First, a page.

Hu Ch’in Family of Instruments are two-stringed Chinese lutes belonging to the family of bowed instruments called Hu Ch’in. Its unique characteristic is that bow hair was originally permanently attached between the instruments’ two strings to prevent them from slipping off. It is said that the reason for this is that the instruments were played by tribal horsemen while riding.

Er hu is a two-stringed bowed lute with a round or hexagonal body made of wood, one end of which is covered with python skin, and the other end usually decorated with an open work design. In the 18th and 19th centuries, it was already popular as an ensemble instrument and accompanied opera and narrative folksongs. The instrument is popular in solo performances and in traditional music ensembles.

Chung hu is a medium sized er hu. One end of its semi-hexagonal shaped body is covered with python skin while the other end is decorated with an open work design.

Chung hu and Er hu

Chung hu and Er hu

Ti hu is the largest instrument of the Hu Ch’in family. The instrument, which has become modernized, is considered part of the modern Chinese orchestra. It has four strings and is played pizzicato or with a bow.

Ti hu

Ti hu

Ching hu is a two-stringed bowed lute with hollow cylindrical body made of bamboo, one of which is covered with python skin while the other is left open. This type of Hu Ch’in is used to accompany opera.

Ching hu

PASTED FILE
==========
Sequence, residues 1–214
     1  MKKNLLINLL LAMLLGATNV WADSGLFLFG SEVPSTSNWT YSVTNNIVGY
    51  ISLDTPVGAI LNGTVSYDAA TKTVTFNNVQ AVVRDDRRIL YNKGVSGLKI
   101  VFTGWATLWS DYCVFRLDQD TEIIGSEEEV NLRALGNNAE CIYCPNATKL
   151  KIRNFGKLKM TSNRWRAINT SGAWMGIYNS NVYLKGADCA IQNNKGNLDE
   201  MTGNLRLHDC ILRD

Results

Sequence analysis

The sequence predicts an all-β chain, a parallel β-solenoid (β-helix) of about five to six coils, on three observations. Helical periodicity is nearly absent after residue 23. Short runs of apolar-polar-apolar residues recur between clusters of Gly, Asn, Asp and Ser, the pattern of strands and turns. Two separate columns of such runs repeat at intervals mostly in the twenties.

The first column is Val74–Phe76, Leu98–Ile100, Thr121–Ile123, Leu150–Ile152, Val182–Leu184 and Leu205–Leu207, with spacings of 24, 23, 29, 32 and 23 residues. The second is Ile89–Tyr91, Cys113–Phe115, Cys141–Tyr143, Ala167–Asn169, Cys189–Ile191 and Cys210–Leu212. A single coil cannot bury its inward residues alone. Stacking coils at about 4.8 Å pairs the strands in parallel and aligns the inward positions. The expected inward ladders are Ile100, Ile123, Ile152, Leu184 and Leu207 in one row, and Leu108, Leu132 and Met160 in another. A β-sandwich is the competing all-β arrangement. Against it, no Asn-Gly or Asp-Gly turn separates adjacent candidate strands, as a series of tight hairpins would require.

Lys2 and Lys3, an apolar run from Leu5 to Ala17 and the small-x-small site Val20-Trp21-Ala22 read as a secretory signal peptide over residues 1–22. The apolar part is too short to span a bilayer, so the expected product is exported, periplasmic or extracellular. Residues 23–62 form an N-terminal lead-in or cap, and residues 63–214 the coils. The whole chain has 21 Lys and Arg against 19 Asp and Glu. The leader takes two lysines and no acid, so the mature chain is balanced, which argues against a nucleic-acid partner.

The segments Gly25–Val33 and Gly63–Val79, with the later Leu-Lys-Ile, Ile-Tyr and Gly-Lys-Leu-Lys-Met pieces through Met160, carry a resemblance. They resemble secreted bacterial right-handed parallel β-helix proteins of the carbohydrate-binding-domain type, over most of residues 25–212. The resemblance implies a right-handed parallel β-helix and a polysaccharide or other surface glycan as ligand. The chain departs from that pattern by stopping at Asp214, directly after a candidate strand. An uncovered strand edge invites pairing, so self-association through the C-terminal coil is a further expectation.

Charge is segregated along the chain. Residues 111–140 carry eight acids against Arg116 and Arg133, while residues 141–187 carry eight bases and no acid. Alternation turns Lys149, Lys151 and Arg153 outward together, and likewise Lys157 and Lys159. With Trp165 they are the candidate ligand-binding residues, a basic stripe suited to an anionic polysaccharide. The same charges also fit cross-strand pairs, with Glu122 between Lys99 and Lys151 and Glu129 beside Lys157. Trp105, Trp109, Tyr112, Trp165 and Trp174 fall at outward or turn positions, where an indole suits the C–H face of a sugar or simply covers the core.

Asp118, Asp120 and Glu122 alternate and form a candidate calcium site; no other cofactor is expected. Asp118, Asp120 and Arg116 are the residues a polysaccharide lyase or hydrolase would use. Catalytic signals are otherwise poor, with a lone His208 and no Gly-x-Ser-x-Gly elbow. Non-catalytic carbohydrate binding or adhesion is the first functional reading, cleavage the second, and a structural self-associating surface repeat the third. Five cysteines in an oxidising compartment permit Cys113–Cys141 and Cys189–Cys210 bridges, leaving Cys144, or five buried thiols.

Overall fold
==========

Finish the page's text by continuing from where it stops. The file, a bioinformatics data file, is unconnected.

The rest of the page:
Ching hu

Pan hu is a type of er hu in the Ch’in opera of the Shaanxi Province. Its body is made of coconut shell, one end of which is covered with wood while the other end is left open.

Ching er hu is a type of er hu in the Peking opera. One end of its wooden hexagonal-shaped body is covered with python skin while the other end is left open.

Pan hu and Ching er hu

Pan hu and Ching er hu

For more Asian traditional musical instruments, please read Philippine Traditional Musical Instruments, Indian TMI, Indonesian TMI, Japanese and Thai TMI, and Korean TMI.

Where: Asian Traditional Musical Instruments, 4th Floor, CCP Main Building, Pedro Bukaneg Street, CCP Complex, Manila

When: Asian Traditional Musical is open from Tuesdays to Sundays, 10am to 6pm.

How: From Vito Cruz Station of LRT Line 1, walk to Pablo Ocampo Street. Turn right on Pablo Ocampo Street and walk straight. In 2-5 minutes, you will arrive at the jeepney station of orange jeepneys that will take you to the CCP Complex.

How much: Asian Traditional Musical Instruments entrance fee: Students, P20 (US $ 0.44) and non-students, P30 (US $0.66), which is inclusive in the fee for Museo ng Kalinangan Pilipino (Museum of Philippine Culture).